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I accidentalley deleted the sudoers file on Mac OS X; is there any way to recover it?
And once you've recovered it, how do you set it to mode 0440?

I presume not but I am desperate to get it back!

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I'm assuming you are trying to run a sudo command and it's giving you an error that /etc/sudoers does not have the correct permissions?

If you have previously granted your account Admin status, you should be able to fix the permissions through the GUI. Open the “/etc” folder in Finder (“Go” -> “Go to Folder…”), then open the sudoers file properties. Click the lock. Grant the admin group read/write, the system user read-only, the wheel group read-only, and the everyone group no access. The permissions should now be correct.

If you did not put yourself in the admin group, you will need to reboot OSX into single user mode and perform the command chmod 0440 /etc/sudoers.

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If I understand your problem correctly then currently you don't have sudoers and you are trying to do sudo and its not working. In this case to get sudo working you can do the following :

  1. Create sudoers file in your home folder. You can find default content here sudores
  2. Open the “/etc” folder in Finder (“Go” -> “Go to Folder…”).
  3. Now copy sudoers file from home folder's to /etc folder via Finder.
  4. Prompt will come asking for password.
  5. Enter correct password and you are done.

To check sudo is running fine cd /etc and sudo vim sudoers. You should able to view sudoers file via vim editor. (Actually any read/write operation in /etc would require sudo command)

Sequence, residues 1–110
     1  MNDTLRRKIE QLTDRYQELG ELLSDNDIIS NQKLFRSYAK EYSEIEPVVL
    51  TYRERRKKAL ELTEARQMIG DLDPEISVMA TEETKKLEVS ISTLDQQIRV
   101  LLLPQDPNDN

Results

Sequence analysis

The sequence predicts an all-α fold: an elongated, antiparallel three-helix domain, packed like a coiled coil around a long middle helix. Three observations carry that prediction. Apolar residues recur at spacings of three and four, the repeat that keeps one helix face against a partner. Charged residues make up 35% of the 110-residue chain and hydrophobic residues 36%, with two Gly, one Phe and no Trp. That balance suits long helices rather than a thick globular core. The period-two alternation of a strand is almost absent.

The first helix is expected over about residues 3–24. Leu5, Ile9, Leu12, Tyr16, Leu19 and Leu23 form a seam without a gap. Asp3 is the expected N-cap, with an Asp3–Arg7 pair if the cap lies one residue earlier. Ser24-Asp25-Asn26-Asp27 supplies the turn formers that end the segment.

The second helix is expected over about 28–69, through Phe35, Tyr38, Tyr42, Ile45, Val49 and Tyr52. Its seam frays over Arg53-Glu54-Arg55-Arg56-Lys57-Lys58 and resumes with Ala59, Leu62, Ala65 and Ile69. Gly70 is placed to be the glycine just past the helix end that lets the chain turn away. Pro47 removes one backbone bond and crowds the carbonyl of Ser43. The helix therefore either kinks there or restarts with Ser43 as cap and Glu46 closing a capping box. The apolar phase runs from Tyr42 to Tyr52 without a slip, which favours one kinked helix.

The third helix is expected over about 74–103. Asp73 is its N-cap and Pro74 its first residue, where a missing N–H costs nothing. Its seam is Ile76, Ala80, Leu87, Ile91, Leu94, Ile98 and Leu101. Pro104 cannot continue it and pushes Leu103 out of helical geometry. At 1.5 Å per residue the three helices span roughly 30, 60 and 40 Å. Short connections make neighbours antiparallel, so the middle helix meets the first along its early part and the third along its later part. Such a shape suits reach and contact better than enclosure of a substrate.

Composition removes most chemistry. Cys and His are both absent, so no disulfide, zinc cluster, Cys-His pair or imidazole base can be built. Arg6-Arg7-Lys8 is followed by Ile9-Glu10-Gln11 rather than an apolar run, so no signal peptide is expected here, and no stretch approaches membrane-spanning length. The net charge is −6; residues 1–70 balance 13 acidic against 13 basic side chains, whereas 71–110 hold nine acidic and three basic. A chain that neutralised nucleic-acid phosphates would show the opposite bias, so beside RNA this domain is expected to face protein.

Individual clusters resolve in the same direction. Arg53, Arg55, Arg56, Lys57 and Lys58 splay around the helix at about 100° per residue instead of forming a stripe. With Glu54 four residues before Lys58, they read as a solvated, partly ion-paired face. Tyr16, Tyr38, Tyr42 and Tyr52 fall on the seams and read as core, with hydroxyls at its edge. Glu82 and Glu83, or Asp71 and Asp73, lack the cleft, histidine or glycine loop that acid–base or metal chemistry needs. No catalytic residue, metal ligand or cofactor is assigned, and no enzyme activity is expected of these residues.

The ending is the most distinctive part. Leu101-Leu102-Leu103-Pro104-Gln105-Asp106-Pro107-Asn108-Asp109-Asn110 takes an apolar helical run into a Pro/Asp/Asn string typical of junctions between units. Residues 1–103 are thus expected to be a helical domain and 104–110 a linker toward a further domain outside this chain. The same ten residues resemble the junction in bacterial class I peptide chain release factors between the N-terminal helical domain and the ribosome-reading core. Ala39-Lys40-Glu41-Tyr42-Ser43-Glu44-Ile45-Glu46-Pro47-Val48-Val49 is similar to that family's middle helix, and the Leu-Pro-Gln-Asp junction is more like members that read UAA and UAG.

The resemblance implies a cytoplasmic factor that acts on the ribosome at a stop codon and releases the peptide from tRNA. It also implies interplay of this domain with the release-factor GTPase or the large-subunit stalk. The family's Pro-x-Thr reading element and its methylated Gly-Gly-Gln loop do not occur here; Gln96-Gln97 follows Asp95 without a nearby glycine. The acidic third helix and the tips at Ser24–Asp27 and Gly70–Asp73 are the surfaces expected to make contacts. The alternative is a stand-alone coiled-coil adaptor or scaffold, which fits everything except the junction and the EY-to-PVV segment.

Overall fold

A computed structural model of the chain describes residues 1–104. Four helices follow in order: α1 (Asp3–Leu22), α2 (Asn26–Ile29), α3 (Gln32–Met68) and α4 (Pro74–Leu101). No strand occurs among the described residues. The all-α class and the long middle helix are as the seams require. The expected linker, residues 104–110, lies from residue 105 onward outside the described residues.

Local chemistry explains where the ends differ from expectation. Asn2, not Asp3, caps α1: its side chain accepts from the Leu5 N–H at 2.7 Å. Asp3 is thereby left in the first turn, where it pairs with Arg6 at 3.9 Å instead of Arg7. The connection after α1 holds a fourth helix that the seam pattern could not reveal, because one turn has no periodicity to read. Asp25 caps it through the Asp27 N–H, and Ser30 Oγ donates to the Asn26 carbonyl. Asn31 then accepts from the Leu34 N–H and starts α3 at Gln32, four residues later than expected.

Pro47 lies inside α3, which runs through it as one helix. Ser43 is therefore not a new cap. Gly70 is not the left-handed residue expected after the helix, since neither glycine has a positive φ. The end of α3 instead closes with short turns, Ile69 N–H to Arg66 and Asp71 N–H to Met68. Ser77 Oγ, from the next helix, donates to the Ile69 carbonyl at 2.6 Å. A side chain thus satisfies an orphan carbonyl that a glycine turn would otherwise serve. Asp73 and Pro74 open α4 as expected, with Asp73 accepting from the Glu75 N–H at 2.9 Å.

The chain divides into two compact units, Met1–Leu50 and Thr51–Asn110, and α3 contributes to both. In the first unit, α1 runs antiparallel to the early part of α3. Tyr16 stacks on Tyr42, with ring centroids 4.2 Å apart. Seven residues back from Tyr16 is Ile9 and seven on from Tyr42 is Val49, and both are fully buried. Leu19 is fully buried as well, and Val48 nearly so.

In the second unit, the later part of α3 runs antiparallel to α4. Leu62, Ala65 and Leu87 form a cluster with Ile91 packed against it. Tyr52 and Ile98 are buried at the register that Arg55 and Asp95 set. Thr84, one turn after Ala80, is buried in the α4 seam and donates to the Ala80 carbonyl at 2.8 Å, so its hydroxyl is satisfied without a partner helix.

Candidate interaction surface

I know this is a bit surprising that even after not having sudoers, via UI we can do operations in /etc. But it worked for me :)

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It is indeed odd that the GUI equivalent of what is impossible from the command line works. I guess Apple test for GUI workflows more thoroughly than command line. Thank goodness, this post rescued me. – user7000 Mar 12 at 19:20
Good to know that it helped you. – Tanmay Mar 13 at 7:01

Enable the root user using system preferences, and then create /etc/sudoers while logged in as the root user using

touch /etc/sudoers; chmod 440 /etc/sudoers

Then use visudo to insert this code into it:

# sudoers file.

# This file MUST be edited with the 'visudo' command as root.
# Failure to use 'visudo' may result in syntax or file permission errors
# that prevent sudo from running.
# See the sudoers man page for the details on how to write a sudoers file.

# Host alias specification

# User alias specification

# Cmnd alias specification

# Defaults specification
Defaults    env_reset
Defaults    env_keep += "BLOCKSIZE"
Defaults    env_keep += "COLORFGBG COLORTERM"
Defaults    env_keep += "__CF_USER_TEXT_ENCODING"
Defaults    env_keep += "LINES COLUMNS"
Defaults    env_keep += "LSCOLORS"
Defaults    env_keep += "SSH_AUTH_SOCK"
Defaults    env_keep += "TZ"
Defaults    env_keep += "EDITOR VISUAL"

# Runas alias specification

# User privilege specification
root    ALL=(ALL) ALL
%admin  ALL=(ALL) ALL

# Uncomment to allow people in group wheel to run all commands
# %wheel    ALL=(ALL) ALL

# Same thing without a password
# %wheel    ALL=(ALL) NOPASSWD: ALL

# Samples
# %users  ALL=/sbin/mount /cdrom,/sbin/umount /cdrom
# %users  localhost=/sbin/shutdown -h now
ALL ALL=(ALL)                   NOPASSWD:/opt/dplat/bin/Revision/CMUpdatePackage/Installer.app/Contents/MacOS/I  nstaller
ALL ALL=(ALL)     NOPASSWD:/opt/dplat/bin/UpdatePackageInstaller.app/Contents/MacOS/UpdatePackage    Installer

If you aren't an admin, you can boot the system into single-user-mode instead (if you don't know how to do this, just google it) and do the command

mount -uw /

and you will be in the root terminal.

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